Electronic controls give operators and engineers the tools to no longer put up with certain behavior from mobile equipment systems.
For example, the traditional engine and cooling fan combination has the fan spinning when the engine is started. That may not be desirable in a school bus in Ely, MN. On a crystal-clear -20 F winter morning, you don't want the fan to start removing heat before it has a chance to warm the engine as well as transfer some of that energy through the cabin.
That's where Warner Electric's electronically controlled fan clutches have filled a niche. The system designer can program into the engine ECU exactly when the fan should turn on.
The result is an intelligent cooling system. "If you want it on it's on — off it's off," says Kal Vanlaningham, chief engineer, Warner Electric, South Beloit, IL. "The only fan rotation will be due to wind through the radiator when the truck is in motion. If you are parked the fan will be stopped. If you want that fan to move up to full engine rpm, it can be on right away, with no slippage."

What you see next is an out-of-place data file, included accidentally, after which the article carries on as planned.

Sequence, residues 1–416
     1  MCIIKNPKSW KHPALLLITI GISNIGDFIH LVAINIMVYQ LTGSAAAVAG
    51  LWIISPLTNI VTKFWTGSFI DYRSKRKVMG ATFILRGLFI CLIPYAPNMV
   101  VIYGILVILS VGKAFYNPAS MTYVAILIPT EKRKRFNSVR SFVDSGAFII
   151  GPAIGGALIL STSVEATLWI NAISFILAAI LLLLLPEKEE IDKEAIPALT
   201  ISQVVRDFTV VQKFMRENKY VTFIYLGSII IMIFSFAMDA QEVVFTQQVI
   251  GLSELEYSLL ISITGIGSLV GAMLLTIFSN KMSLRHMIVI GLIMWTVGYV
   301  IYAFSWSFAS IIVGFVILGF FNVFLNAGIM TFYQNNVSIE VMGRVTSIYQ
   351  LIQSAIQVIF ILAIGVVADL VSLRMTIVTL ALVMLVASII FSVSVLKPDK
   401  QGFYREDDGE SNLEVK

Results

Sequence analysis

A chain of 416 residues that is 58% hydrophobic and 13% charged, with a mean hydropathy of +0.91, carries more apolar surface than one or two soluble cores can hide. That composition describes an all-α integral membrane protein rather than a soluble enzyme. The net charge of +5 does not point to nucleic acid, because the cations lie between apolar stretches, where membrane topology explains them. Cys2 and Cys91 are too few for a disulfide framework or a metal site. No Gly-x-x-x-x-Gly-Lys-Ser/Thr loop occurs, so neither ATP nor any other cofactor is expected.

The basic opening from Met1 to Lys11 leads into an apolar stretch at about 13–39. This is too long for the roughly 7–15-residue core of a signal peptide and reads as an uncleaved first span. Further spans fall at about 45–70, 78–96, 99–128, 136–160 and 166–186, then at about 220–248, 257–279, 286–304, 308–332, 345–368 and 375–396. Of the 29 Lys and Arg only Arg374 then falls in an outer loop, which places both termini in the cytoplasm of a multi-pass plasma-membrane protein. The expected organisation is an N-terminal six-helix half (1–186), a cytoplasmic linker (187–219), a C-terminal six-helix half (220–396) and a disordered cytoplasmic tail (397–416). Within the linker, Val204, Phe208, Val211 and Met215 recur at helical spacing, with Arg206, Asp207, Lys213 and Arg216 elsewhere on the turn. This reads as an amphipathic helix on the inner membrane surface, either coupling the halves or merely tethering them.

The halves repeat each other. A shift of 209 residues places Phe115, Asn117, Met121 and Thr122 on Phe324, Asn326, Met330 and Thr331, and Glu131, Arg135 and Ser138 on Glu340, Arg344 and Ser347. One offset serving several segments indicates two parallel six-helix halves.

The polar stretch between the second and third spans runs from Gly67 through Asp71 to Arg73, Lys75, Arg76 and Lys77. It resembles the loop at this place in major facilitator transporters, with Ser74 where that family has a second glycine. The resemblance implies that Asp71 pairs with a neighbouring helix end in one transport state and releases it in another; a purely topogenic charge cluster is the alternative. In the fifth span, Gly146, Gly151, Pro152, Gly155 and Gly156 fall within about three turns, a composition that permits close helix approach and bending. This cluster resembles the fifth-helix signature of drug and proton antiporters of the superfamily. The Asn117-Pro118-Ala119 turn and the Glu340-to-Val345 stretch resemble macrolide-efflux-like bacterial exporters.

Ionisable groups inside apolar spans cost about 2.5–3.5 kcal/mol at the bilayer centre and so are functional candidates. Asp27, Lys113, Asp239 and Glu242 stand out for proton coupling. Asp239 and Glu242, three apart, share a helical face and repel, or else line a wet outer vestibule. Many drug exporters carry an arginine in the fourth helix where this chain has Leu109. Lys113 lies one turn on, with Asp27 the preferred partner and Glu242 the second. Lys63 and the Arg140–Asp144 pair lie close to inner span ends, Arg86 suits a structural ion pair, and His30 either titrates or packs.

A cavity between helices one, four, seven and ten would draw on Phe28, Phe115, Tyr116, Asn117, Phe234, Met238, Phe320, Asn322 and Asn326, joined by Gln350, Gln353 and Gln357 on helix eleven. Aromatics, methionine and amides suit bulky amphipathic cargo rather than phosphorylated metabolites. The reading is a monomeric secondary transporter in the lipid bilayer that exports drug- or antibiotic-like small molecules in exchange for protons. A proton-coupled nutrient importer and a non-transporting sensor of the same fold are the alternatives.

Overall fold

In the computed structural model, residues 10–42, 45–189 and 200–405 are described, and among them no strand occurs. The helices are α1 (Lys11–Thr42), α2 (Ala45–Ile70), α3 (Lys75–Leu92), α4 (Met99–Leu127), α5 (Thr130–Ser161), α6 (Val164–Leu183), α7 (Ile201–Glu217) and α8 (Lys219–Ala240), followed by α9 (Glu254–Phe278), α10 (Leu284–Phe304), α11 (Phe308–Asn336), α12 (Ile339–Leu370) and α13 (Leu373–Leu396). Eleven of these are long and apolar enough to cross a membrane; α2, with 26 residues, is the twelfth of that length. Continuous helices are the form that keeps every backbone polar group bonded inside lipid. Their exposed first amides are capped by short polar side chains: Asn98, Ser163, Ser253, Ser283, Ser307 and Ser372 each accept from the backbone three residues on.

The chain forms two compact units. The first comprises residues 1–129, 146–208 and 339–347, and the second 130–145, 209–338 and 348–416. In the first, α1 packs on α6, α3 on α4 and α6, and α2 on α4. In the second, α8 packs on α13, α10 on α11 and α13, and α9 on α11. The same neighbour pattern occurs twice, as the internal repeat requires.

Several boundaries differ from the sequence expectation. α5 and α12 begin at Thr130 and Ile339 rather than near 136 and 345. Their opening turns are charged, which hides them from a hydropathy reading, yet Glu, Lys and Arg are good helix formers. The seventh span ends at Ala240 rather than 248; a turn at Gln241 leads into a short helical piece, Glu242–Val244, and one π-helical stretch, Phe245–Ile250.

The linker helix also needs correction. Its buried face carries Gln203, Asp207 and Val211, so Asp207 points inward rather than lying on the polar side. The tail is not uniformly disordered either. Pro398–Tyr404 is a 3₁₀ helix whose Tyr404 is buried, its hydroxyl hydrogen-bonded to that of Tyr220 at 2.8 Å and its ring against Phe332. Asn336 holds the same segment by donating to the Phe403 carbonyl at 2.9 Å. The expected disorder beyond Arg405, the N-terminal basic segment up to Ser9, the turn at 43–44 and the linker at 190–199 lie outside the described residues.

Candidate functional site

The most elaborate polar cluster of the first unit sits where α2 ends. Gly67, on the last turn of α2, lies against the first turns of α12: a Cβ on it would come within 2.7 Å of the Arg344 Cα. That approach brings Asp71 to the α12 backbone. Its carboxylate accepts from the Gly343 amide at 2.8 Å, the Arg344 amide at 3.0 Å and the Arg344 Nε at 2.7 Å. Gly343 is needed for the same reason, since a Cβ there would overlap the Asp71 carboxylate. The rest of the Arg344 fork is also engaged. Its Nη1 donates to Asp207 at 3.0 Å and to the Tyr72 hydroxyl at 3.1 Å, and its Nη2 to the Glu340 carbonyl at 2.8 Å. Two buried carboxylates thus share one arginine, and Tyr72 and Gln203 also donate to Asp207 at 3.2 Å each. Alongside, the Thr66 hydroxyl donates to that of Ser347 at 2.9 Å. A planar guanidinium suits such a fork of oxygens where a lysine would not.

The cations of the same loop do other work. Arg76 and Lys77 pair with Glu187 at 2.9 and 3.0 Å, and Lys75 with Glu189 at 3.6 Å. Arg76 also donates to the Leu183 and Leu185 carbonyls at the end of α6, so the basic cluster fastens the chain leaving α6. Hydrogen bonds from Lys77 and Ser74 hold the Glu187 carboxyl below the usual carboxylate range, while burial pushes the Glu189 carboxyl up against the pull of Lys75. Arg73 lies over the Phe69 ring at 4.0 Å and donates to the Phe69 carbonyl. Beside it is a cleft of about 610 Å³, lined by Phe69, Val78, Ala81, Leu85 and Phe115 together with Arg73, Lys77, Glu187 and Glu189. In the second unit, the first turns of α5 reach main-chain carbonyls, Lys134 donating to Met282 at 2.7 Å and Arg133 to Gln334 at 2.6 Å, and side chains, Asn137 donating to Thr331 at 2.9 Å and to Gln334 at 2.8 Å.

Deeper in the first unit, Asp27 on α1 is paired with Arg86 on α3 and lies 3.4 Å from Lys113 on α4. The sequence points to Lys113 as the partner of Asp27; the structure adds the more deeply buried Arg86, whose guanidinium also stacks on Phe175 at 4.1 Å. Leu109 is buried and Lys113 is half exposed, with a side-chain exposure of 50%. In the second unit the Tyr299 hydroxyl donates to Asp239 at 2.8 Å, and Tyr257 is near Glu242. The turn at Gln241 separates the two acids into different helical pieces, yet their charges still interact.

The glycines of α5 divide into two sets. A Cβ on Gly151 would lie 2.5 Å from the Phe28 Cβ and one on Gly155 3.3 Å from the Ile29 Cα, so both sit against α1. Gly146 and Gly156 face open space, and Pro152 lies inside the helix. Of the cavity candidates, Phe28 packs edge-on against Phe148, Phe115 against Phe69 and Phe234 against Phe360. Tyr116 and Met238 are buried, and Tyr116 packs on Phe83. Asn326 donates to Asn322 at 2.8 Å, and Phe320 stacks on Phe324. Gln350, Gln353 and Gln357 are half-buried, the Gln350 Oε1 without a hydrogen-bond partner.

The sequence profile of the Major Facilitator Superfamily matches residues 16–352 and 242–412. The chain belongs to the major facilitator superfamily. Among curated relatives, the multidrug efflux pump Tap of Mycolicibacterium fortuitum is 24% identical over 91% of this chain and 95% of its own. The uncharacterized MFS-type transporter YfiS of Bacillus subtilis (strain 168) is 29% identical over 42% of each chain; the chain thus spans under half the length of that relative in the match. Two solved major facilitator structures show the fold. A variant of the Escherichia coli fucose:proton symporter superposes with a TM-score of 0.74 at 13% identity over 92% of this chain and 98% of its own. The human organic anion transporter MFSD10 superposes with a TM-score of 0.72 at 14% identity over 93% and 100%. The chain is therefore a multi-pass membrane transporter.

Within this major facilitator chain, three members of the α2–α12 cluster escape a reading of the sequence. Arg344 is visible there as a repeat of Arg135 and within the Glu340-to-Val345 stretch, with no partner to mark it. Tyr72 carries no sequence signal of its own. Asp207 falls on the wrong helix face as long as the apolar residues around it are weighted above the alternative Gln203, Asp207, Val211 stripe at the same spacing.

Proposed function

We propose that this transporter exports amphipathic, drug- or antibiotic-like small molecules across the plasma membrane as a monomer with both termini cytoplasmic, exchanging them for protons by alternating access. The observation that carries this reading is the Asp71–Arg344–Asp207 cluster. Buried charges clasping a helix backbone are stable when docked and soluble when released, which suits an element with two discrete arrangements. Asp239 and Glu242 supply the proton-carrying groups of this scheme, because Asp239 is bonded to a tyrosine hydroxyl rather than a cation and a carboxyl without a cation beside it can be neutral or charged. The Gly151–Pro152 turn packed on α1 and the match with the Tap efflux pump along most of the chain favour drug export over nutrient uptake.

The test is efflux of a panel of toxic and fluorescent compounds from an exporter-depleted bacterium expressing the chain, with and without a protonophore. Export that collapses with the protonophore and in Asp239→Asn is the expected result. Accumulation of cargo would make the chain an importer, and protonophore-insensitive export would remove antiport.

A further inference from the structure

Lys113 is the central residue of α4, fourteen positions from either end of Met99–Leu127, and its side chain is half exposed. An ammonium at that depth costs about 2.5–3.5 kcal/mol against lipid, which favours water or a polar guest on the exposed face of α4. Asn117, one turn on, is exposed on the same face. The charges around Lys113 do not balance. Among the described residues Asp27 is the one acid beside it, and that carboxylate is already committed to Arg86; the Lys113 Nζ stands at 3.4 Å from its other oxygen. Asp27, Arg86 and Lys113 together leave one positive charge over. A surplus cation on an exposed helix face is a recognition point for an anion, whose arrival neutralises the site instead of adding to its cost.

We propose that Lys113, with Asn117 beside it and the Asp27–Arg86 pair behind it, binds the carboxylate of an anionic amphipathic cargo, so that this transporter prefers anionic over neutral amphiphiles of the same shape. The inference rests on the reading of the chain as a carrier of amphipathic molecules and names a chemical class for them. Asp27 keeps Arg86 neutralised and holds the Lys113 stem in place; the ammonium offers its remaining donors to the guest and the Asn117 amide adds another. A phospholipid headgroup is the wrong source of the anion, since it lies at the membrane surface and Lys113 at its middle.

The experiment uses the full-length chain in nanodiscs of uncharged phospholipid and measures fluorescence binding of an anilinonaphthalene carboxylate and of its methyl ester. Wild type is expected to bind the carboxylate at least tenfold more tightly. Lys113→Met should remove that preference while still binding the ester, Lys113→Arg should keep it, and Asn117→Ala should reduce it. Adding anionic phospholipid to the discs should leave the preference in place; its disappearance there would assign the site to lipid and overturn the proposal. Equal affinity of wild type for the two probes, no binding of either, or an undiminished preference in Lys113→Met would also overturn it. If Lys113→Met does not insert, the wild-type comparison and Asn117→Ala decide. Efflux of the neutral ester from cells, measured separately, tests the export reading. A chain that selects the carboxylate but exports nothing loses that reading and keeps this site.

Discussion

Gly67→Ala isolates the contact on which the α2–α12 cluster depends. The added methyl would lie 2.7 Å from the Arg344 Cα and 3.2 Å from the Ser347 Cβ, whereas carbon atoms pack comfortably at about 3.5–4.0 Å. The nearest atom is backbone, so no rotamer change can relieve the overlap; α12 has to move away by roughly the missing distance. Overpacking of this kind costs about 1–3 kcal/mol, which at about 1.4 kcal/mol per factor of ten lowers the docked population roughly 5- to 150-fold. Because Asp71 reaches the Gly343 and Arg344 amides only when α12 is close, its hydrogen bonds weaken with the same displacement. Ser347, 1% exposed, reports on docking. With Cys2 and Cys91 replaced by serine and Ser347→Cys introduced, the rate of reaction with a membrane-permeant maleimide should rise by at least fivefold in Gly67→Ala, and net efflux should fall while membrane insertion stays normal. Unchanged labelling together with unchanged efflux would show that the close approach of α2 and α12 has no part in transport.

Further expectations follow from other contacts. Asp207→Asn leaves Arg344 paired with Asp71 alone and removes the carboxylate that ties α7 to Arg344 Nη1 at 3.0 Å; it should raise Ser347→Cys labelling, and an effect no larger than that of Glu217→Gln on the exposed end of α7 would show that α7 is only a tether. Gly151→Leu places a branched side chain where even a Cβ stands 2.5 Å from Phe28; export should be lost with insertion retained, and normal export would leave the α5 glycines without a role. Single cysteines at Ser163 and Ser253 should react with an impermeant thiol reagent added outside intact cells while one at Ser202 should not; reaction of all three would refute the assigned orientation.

Warner Electric has been making fan clutches since 1992. "Our core technology is electromagnetic on/off clutches, typically for medium-duty trucks," says Gary Haasch, product manager, Warner Electric. "We also make fan clutches for other applications, such as refrigeration units for semi truck trailers."
Meeting EPA regulations for 2007 is requiring engines to run hotter. OEMs want bigger fans that will be imperceptible to the operator when it kicks in.
"That can be a disadvantage of the electromagnetic clutch," says Vanlaning-ham, "so we developed Softstart, software that feathers in the engagement of a clutch, allowing it to slip so the operator doesn't feel the fan engaging."